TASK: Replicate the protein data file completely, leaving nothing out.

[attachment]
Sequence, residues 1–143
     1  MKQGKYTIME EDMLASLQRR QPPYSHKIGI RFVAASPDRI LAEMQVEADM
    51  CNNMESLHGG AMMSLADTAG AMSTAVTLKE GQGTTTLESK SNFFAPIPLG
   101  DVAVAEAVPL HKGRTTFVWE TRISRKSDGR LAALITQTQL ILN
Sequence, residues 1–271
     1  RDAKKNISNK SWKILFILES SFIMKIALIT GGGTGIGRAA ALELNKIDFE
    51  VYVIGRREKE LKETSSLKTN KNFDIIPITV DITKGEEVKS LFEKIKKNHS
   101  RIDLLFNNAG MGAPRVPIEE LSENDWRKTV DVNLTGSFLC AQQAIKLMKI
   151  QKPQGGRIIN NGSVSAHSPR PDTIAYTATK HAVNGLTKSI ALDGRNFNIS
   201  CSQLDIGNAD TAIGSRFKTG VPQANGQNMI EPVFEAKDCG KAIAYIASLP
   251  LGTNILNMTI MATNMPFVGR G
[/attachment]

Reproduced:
Sequence, residues 1–143
     1  MKQGKYTIME EDMLASLQRR QPPYSHKIGI RFVAASPDRI LAEMQVEADM
    51  CNNMESLHGG AMMSLADTAG AMSTAVTLKE GQGTTTLESK SNFFAPIPLG
   101  DVAVAEAVPL HKGRTTFVWE TRISRKSDGR LAALITQTQL ILN
Sequence, residues 1–271
     1  RDAKKNISNK SWKILFILES SFIMKIALIT GGGTGIGRAA ALELNKIDFE
    51  VYVIGRREKE LKETSSLKTN KNFDIIPITV DITKGEEVKS LFEKIKKNHS
   101  RIDLLFNNAG MGAPRVPIEE LSENDWRKTV DVNLTGSFLC AQQAIKLMKI
   151  QKPQGGRIIN NGSVSAHSPR PDTIAYTATK HAVNGLTKSI ALDGRNFNIS
   201  CSQLDIGNAD TAIGSRFKTG VPQANGQNMI EPVFEAKDCG KAIAYIASLP
   251  LGTNILNMTI MATNMPFVGR G